Gorton supporters celebrate future of Lexington at watch party


Linda Gorton and her supporters celebrate her mayoral race win at her election party at Limestone Hall in Lexington, Ky. on Nov. 6, 2018. Photo by McKenna Horsley | Staff

A large crowd celebrated Linda Gorton’s victory over opponent Ronnie Bastin for the Lexington mayoral seat at a watch party at the Historic Lexington Courthouse on Tuesday with chants of “Linda, Linda,” cheers and dancing to the sounds of TeeDee Young and his band.

“I’ve always been attracted to her because she has shown herself be someone who can work with a variety of people,” said Gorton supporter Susan Abbott-Jamieson, who retired from her job as a UK professor of anthropology in 1998. “She’s very good at changing her mind if she gets new information that she thinks warrants it.” 

Abbott-Jamieson said she thinks Bastin’s history with law enforcement was a weakness. “I think he’s used to a top-down command structure. And I don’t think a top-down command structure is gonna work with city government.” 

The Lexington Herald-Leader and other news organizations called the race for Gorton around 7 p.m. with 64 percent of the vote and 44 percent of precincts reporting. Soon after, Bastin conceded. 

“I’ll do all I can to support [Linda Gorton] in her work as mayor,” Bastin said in his concession speech. “Though we didn’t come out on top tonight,” he said, “I’m so proud of the race that we did run.”

A local student, Kimberly Emrick, echoed this sentiment. “I think people are more familiar with Gorton, so it’s not necessarily a downfall on Bastin. With all of the feminism and stuff going on, I think people really wanted to vote for Gorton,” she stated.

In her victory speech, Gorton acknowledged Bastin’s “gracious” call to congratulate her. “He said that whatever he could do to help me, he would be happy to.”

Gorton told the Kernel before her victory speech that she was thrilled with the voter turnout.  “The turnout is awesome. I think as a community, we need to say ‘let’s do this every time we vote'”. 

“I’m really humbled by the public’s support of me through the voting process. I’m just really looking forward to getting to work.”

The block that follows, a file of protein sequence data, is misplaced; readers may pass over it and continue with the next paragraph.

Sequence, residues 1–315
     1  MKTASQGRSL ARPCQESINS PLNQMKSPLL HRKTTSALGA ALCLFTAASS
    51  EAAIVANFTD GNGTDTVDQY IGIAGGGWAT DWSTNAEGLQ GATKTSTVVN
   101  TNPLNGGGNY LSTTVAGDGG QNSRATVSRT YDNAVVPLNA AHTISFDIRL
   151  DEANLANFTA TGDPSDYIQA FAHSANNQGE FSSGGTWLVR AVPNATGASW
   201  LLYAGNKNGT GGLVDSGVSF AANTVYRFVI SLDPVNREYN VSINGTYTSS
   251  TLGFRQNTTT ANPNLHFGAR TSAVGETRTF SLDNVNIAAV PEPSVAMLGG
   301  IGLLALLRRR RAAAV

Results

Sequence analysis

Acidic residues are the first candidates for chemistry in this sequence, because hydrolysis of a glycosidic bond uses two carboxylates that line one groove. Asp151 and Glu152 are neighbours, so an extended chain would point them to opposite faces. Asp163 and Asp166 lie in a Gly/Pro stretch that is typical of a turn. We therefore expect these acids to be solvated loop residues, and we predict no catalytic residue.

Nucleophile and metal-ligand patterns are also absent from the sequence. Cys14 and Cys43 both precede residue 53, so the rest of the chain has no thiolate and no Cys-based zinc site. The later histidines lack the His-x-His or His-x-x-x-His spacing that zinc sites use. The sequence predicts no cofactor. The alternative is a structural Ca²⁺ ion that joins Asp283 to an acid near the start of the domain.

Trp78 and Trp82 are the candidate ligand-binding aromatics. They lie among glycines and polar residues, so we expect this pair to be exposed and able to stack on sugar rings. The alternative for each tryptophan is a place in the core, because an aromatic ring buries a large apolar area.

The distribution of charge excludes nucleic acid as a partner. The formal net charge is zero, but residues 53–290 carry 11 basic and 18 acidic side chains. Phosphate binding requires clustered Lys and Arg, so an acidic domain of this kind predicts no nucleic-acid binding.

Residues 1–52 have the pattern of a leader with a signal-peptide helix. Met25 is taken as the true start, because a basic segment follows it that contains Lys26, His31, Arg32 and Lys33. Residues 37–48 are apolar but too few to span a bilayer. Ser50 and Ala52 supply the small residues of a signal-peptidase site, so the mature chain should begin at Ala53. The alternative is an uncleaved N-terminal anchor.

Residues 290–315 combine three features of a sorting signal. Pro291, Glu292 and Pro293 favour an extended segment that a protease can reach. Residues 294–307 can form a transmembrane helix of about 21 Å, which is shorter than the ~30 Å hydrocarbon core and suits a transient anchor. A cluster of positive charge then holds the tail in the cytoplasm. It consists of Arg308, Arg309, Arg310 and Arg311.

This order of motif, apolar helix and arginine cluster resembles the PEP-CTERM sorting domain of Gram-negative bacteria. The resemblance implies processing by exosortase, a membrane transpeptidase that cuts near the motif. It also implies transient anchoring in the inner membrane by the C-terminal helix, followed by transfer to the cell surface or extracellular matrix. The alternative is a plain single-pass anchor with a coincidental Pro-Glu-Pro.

Cole Pleasants, an intern who worked with Gorton’s campaign and who graduated from UK in 2014 with a major in business management, said his time volunteering for Gorton’s campaign has showed him what he wants to do with his life.

“It has gotten me out of my comfort zone. I’m not one to go knock on doors and talk about passion,” he said, but, “this whole process has led me to open up new doorways and learn new things about myself and be more comfortable around everybody.” 

“Linda is fantastic and she is what the city of Lexington needs,” Pleasants said. “She is a listener. She is gonna listen to everybody.”

He said he has learned a lot through working with the campaign and said he feels Gorton embodies what he wants to see Lexington be.

“I think she’s obviously going to be a great leader for Lexington,” he said.

Gorton was all smiles throughout the night, and when her victory was announced, she said, “I feel like dancing” followed by a small jig and a “We did it” to an excited supporter. 

Gorton shared a quote with the crowd that she said “nudged” her return to public office: “Opportunity is missed by most people because it comes dressed in overalls and it looks like work.”

She told the crowd gathered that opportunity offers enjoyment as well as work, and that she is looking forward to both during her four years as Lexington’s next mayor. 

“This campaign has given us so many moments of joy,” she said. “I’ve met hundreds of people and made so many new friends.” 

She reflected on the “enthusiasm” she has seen from voters across the city, the “heartfelt laughter” and the exchange of ideas that fit her goal of transparency in government. But she also reminded voters of the work side to opportunity.

“We want to grow our economy,” she said. “And we want that economy to include everyone.”

She said Lexington, under her leadership, will continue to grow as a hub for high-tech jobs in business and agriculture.

“My aim is sustainable growth. My administration will honor Lexington’s long history of innovative land use, ensuring balanced growth, protecting against urban sprawl and supporting well-planned development.” 

She said she looks forward to talking the “thorniest of problems” such as the drug addiction rate, crime increase, gun safety, safety in schools and transportation dilemmas. 

“You have joined me in showing it’s possible to run a non-partisan, upbeat, policy-oriented campaign,” Gorton told her audience, iterating the importance of integrity in the midst of “divisive, sometimes anger-filled times”.

Gorton promised to promote inclusivity and diversity at city hall, transparent and accessible government and growth and prosperity that excludes no one. 

“To those who voted for me, those who voted for my opponent and to those who didn’t vote at all,” she said, “I will be the mayor for all citizens of this city.”